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Aberzombie: Consuming the Brains of Today’s Girls (Part II)

 aberzombie_by_melissakittyWritten by Daniel Kilkelly
Edited by Sarah Mejia
Buyer V. Consumer

Luckily for girls, there still is one protective layer between them and Abercrombie: their parents. Although girls act as influencers, who may start the consumer process for buying clothing, the end users, parents, still foot the bill for the purchase.

Unfortunately,young girls are incredibly influential over their parents. Traditionally speaking there are three types of parents when it comes to buying products for their children: the pushovers, the compromisers,and the naysayers. Of these, only the compromisers and naysayers have the control to say no to girls shopping at institutions they disapprove of, although protecting their child from any sexual advertising is nearly impossible.It is also the responsibility of these same adults to speak out against the practices of companies that exploit their children.

Other adults – the pushovers – feel differently and believe that what their child wants is what their child should get and that there is absolutely nothing wrong with promoting the kind of clothing Abercrombie sells to younger girls.

Although this is an ethical dilemma where it is impossible to say that there is one unequivocally correct way of responding to the situation, for a generally-conservative country like the U.S., Abercrombie should be wary of its marketing techniques. The potential backlash from parents can lead to children being forbidden to shop at Abercrombie.This means taking a large potential hit at products aimed at lower ages. But in a Catch-22 twist, this does not mean that Abercrombie has to walk away a loser.

Restrictive behavior on the part of parents can backfire as girls become teens, with the chance for girls to gain greater freedom and sense of rebelliousness. This means that whatever good intentions the parents may have had for their children, the same girls may end up shopping at Abercrombie anyway if given the opportunity. It is not hard to fathom a young girl asking to go over to a friend’s house knowing that they can get a ride from their friend’s parents to Abercrombie. Similarly, when she and her friends start getting their licenses, they might go to the store on their own.

The positive is that by the time girls can drive, they have begun the process of maturing mentally. However, this does not mean that they are any less exposed to the pressures of marketing that target their age group or that they are significantly less likely to be influenced by such marketing. Many adolescent girls are known to suffer from eating disorders or from the afflictions of wishing to lose weight, thus displaying the effect sexual marketing already has on them. It is because of how influential this kind of marketing is that the net effect on Abercrombie’s bottom line may hardly change at all or otherwise be positive.

I say it could be positive because of the health implications with girls hitting puberty at younger ages. If these girls are more likely to develop behavioral problems, then it is far more likely for these girls to want to shop at Abercrombie due to the desire to promote their sexuality or to rebel against their parents. Attempts by parents to direct this behavior would likely result in their child retaliating.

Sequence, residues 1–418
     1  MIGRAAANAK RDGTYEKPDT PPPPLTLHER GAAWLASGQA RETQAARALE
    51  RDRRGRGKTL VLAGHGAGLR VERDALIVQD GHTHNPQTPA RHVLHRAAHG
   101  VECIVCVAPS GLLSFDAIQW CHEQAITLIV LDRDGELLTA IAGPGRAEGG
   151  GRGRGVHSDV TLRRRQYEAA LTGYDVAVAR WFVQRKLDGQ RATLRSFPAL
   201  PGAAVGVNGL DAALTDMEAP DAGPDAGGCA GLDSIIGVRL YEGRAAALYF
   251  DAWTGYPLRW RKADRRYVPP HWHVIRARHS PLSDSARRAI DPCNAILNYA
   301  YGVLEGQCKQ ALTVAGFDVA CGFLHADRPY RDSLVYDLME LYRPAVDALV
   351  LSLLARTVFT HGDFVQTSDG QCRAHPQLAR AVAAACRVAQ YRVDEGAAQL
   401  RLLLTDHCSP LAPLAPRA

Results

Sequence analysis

Abercrombie to the Rescue

After all that’s been stated thus far, it seems as if Abercrombie would have little incentive to make changes to their marketing schema or to do anything to resolve the situation. This may be true; nonetheless, Abercrombie can still invest in corporate social responsibility (CSR) by engaging in efforts to openly study and publish market research as to why girls are hitting puberty at younger ages. Such studies would help to discover unknown sources, or ascertain which of uncertain sources contribute to early puberty. Other companies and government institutions would have the ability to act against such factors, and parents could become more aware of what activities or products could do to their children.

In turn, Abercrombie would receive pertinent information relevant to the market segments they wish to target while simultaneously recognizing early puberty as a societal issue. Abercrombie could in such an instance continue to promote clothing such as padded bikinis in the spirit of serving the market’s needs properly. If a girl wishes to become more secure in her appearances by purchasing such products, then a need is being met. The girl would consider the need to be intrinsic as environmental factors affect the levels of estrogen in her developing body.

Then with the advent of changes to environmental factors – supposing such factors responsible for early puberty were recognized and addressed – Abercrombie would be prepared to cater to its new consumers, thereby displaying proper application of CSR.

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**Due to technical difficulties we recently had to switch domains and transfer all of our website content.  Please keep in mind that while we have been publishing articles for two years, the published dates shown may not reflect the initial publish date.
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Thoughts posed by the author:

a) How has the change in parents’ behaviors over the decades changed adolescent consumer behavior?

b) After reading my suggestions for Abercrombie, refer to the question in Part I: is your answer still the same? Why or why not, and what would you do?


Further Information/Reading

1) http://www.state.sc.us/dmh/anorexia/statistics.htm
2) http://www.nytimes.com/2006/10/17/science/17puberty.html
3) http://th08.deviantart.net/fs7/PRE/i/2005/208/f/0/aberzombie_by_melissakitty.jpg

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